Next comes the really tedious part. We hate actual scuff marks, but the fake kind are okay. This falls into the category of detailing and goal is to make it look like something that someone threw away at the city dump back in WWII. That's what you're supposed to do with a $200 kit, right?

This is another case where we don't really have to worry too much about wear. The painted areas don't form a solid coating, plus they're irregular and sparse. If one happens to get taken out, there are plenty more and they're easy to recreate after the fact (unlike trying to repair a damaged airbrushed camo job). The idea is to use black for the rust area and randomly hash in the oxidized area on and around it, streaking whenever you feel the inspiration. Sometimes it looks convincing and sometimes it doesn't. Ideally, you try to fix the stuff that doesn't. For a fresh "wound" you can also throw in a little silver or gunmetal. I use a silver Prismacolor pencil because it's easier than laying out paint.

It goes without saying (I hope) that you should try to make the wear patterns logical. Heaviest wear should go where it most logically would occur, and fresh down-to-the metal scrapings should be placed along high-traffic edges where you'd expect it to be in real life. Of course, exaggeration is okay too-- it's hard to resist the temptation to overdo such a kewl effect.

So... what color is it really? Good question... I think I'm suffering from "color fatigue" at the moment. The picture on the right probably has more fluorescent light influence. Under the incandescent light that I work under, it doesn't look like either of them! But probably more like the picture on the left. It's kind of a pale greenish gray (I think). The pic at the top of the page was taken under the same light, so that should give you an idea of how the gray primer evolved after all the washes. Looking at the interior which wasn't subjected to the washes, I can verify that-- it's a pretty dramatic difference!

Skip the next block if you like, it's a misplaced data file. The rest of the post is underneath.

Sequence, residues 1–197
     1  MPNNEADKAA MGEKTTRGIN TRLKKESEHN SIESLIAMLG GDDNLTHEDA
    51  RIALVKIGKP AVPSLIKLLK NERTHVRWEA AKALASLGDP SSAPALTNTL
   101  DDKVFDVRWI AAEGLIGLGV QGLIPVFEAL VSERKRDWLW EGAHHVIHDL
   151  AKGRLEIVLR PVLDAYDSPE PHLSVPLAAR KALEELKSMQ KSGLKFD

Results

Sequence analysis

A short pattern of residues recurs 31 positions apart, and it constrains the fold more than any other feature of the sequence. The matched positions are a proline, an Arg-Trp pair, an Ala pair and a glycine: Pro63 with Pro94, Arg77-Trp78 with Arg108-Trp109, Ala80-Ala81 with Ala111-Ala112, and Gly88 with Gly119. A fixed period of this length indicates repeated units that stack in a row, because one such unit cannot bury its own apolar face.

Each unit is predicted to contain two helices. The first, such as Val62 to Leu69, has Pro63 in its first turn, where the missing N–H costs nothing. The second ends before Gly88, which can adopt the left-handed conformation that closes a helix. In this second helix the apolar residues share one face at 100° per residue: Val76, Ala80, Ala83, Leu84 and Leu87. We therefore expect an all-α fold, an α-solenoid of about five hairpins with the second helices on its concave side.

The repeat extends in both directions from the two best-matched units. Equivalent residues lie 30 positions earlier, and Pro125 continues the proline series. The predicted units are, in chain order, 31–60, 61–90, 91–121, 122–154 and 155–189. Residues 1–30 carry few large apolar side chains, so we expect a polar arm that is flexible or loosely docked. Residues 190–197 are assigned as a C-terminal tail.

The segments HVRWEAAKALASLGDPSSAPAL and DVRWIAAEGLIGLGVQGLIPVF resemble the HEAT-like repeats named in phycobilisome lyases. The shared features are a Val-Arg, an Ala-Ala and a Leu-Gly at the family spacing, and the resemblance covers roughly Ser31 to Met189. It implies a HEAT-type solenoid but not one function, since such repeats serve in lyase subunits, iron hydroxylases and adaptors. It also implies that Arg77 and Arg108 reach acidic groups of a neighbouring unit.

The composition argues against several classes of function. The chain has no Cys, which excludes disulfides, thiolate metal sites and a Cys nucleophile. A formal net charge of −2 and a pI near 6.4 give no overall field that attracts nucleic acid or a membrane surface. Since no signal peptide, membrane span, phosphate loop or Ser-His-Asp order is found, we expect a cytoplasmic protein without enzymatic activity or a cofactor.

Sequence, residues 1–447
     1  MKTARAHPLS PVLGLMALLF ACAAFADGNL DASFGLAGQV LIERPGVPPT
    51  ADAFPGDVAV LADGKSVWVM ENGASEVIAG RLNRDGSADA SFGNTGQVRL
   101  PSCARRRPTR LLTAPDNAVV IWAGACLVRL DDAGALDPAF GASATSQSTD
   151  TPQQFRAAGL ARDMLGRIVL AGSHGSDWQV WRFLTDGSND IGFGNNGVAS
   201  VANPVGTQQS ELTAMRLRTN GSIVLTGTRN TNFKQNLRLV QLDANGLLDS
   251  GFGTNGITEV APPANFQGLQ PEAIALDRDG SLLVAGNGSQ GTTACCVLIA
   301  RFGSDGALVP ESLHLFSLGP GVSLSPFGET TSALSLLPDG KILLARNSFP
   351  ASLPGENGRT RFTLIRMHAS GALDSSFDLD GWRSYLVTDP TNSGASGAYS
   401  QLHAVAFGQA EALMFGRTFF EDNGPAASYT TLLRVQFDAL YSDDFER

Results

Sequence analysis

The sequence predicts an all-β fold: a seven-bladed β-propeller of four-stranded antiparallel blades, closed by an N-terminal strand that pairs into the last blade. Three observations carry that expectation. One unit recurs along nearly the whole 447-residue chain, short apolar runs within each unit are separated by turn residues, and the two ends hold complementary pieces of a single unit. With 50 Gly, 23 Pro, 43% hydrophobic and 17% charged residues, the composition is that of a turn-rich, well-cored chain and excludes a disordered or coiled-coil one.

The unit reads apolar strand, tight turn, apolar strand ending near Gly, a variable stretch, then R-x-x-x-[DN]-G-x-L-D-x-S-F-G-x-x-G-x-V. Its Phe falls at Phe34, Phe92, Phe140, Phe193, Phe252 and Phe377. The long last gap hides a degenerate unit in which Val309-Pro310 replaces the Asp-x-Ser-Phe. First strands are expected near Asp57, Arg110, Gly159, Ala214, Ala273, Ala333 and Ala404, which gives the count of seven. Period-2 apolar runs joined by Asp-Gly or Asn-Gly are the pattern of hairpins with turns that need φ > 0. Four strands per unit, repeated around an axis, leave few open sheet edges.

12/30/01-- Decals & Decorations: It's funny that I had complained that my first camo paintjob had "no pizazz", and here I was staring at a dull gray SAFS? Fortunately, there are other ways to add interest besides washes and rust. I used some of the decals that came with the kit, even though the text reads like flactured Engrish: "CAUTION: HAND TURNING GEAR FOR MAINTENANCE ONLY. IF USED FOR EMERGENCY STARTING S.A.F.S. MUST HAVE ROPE FROM HIS WAIST TO THE UNDERCARRIAGE TO PRIVENT HIM FAILLING INTOTHE AIRSCREW" Huh? I don't know where they get this stuff from but it sure paints an interesting image. This thing is supposed to have a propeller?

I really couldn't rely on the supplied decals to bring my artistic vision to life (kaff,kaff). I had my own ideas which had grown out of the way the figure was evolving: The operator seemed to have a personality, and the suit decorations should reflect some of that. So after some thought, I came up with the idea of a simple and crude painted-on black heart, which happens to match the operator's handle, "Blackheart". I had other directions I wanted to take this, indicated by the name & title "CMDR J. D'ARC", but I couldn't bring myself to paint a cross there (it would look too much like the German insignia). No reference to Joan Jett is intended, but she encapsulates the same tough spirit. You get the idea? A painting of the "Melusine" model was used to make the kill silhouettes, even though they look like blobs (None of these guys really have a very recognizable profile). Anyway, the process continues-- the decals were just applied and still need to be toned down.